While London waited for a lit up shard of the sky, at Northumbria University London industry and academics talked about thinking about touch, ranging from sensory therapy to concert costumes for the Black Eyed Peas.
‘The Touch Signpost as Educator’
Bruce Montgomery, Fashion Designer / Research Professor, Northumbria University
Bruce, longtime champion of touch in design, kicked off the day with examples that may answer through touch the question ”can we break the chain of dissatisfaction and consumption?”, including:
‘Touch Inspired Routes to Health and Wellbeing’: The Feather and the Toothbrush project
Katie Gaudion, Textile Designer / Technology Researcher, Royal College of Art and Anne Toomey, Reader for Materials in Design, Northumbria University.
While designers have been told in recent years to pay attention to extreme users, Gaudion paid attention to people with extreme sensory sensitivity: autism suffers. She noted that the sensory rooms and kits used by occupational therapists is very plastics based and general (for example, sensitivity to grip is only split between a feather and toothbrush) and has been working on more fine grained kits to enable families to understand which materials are suitable and not suitable).
‘Design Driven by Multisensory Experience’
Nancy Tilbury, Product Designer / Technology Researcher, P3i, Northumbria University
Reporting on work going on upstairs in the Northumbria London campus, Tilbury emphasised the importance of not only doing research but going beyond critical work and actually getting it to market. The work her team has done includes performance gear for the Black Eyed Peas and JLS, and is often published and getting the attention of stylists.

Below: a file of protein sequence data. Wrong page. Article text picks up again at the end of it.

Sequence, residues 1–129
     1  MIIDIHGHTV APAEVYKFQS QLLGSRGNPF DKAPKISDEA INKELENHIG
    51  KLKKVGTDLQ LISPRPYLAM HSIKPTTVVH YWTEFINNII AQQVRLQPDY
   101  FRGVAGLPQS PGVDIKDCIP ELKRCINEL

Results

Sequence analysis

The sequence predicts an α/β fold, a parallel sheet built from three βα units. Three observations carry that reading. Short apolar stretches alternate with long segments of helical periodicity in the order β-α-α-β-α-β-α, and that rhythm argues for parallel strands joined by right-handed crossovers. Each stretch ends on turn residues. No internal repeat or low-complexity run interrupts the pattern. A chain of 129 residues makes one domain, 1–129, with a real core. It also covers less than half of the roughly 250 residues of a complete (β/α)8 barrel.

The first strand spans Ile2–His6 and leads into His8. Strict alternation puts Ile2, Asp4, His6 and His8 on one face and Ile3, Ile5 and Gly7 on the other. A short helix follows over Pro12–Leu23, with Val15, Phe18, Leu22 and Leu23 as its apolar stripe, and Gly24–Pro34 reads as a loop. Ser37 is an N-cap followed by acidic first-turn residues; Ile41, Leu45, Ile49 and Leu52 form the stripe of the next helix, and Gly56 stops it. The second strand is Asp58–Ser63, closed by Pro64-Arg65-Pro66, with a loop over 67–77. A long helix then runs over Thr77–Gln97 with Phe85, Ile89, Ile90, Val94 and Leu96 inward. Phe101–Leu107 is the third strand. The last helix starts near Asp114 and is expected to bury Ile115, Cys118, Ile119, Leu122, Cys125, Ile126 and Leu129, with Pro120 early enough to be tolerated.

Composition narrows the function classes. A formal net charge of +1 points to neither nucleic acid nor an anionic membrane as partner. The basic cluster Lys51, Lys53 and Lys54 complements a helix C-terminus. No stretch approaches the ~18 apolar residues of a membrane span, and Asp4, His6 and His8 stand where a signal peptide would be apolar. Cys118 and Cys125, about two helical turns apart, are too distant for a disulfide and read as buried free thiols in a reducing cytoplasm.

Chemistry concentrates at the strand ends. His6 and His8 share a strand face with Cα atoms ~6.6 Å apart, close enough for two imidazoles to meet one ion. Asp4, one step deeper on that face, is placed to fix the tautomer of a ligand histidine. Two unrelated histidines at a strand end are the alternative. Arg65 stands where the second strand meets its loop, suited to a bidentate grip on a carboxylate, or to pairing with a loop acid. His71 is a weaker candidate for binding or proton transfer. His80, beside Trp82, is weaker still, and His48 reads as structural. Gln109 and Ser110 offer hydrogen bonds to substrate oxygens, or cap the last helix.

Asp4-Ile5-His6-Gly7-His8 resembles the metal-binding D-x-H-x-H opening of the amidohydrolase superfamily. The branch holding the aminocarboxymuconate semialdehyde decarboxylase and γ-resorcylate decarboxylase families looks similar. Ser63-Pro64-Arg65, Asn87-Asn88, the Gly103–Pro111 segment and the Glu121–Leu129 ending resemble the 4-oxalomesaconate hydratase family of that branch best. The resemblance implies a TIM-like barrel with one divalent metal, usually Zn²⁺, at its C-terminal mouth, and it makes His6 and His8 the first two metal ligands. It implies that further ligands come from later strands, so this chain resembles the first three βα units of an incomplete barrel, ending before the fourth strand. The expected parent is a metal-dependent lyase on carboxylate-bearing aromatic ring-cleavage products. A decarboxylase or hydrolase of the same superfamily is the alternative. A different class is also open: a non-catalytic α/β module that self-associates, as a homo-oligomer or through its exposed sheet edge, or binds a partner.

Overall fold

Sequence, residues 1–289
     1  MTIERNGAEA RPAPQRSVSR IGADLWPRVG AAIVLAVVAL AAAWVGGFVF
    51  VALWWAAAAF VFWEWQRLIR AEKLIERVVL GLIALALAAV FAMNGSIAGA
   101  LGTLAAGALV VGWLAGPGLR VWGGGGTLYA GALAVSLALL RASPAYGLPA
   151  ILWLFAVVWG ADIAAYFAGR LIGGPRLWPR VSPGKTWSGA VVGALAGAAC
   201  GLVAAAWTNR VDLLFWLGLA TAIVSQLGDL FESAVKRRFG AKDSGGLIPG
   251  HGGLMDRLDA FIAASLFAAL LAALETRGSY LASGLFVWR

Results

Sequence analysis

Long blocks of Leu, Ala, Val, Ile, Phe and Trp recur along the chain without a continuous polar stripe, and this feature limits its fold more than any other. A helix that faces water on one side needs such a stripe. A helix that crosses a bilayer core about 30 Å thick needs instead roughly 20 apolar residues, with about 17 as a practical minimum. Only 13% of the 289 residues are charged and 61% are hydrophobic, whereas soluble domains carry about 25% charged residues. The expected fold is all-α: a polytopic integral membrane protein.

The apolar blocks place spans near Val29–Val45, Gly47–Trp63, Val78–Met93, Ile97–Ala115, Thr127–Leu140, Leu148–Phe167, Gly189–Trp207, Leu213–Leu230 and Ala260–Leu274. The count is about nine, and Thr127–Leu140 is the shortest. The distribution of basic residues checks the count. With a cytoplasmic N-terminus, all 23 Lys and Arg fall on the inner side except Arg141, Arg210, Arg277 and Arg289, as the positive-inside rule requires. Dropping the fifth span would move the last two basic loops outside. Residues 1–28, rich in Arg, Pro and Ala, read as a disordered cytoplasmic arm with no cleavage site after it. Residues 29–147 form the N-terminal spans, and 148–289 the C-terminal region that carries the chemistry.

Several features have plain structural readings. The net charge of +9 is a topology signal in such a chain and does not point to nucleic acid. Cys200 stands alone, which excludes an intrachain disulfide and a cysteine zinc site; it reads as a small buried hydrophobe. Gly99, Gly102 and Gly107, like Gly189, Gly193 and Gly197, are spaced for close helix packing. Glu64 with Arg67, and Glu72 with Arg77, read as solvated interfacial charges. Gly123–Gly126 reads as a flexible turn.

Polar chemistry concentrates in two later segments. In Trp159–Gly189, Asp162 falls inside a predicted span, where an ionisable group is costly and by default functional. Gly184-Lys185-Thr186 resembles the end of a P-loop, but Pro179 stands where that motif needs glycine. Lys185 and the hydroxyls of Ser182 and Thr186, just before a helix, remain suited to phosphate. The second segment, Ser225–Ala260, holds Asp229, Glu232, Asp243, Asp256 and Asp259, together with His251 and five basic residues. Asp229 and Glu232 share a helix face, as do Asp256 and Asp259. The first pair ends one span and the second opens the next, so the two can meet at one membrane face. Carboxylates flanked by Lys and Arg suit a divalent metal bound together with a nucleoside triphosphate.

‘Engaging with Touch for Better Products and Business’
Jill Hawkins, Marketing Manager, UVU Sportswear
How do you convey the material properties of a high end niche sports product when you sell online? That’s the intriguing question that UVU (the name means ‘you versus you’, a nod to most extreme sports being psychological as much as physical) have to deal with. Having identified a particular niche—ultramarathon runners (ultramarathons are the new marathons, with more people signing up for half or ultra marathons than the traditional full ones since the latter now seem passe)—UVU have created a niche product that is getting a lot of success through word of mouth. However, given a lot of their point of difference is through the materials they’ve created and the effect this has (for example, their coats don’t overheat, meaning that the runners don’t have to take them off and put them on again), their ongoing challenge it so sell these benefits via their online store.
The afternoon had workshops based on the following themes:
- Education—Touch as an Educator
- Wellbeing—The Role of Touch in Wellbeing
- Sensory—Can Touch Take Design into New Spaces?
- Industry—Engaging Touch for Better Products.
(Unfortunately I wasn’t quick enough to note down the thoughts that came from the talks, but did do remember some interesting discussions about getting training set up in design schools).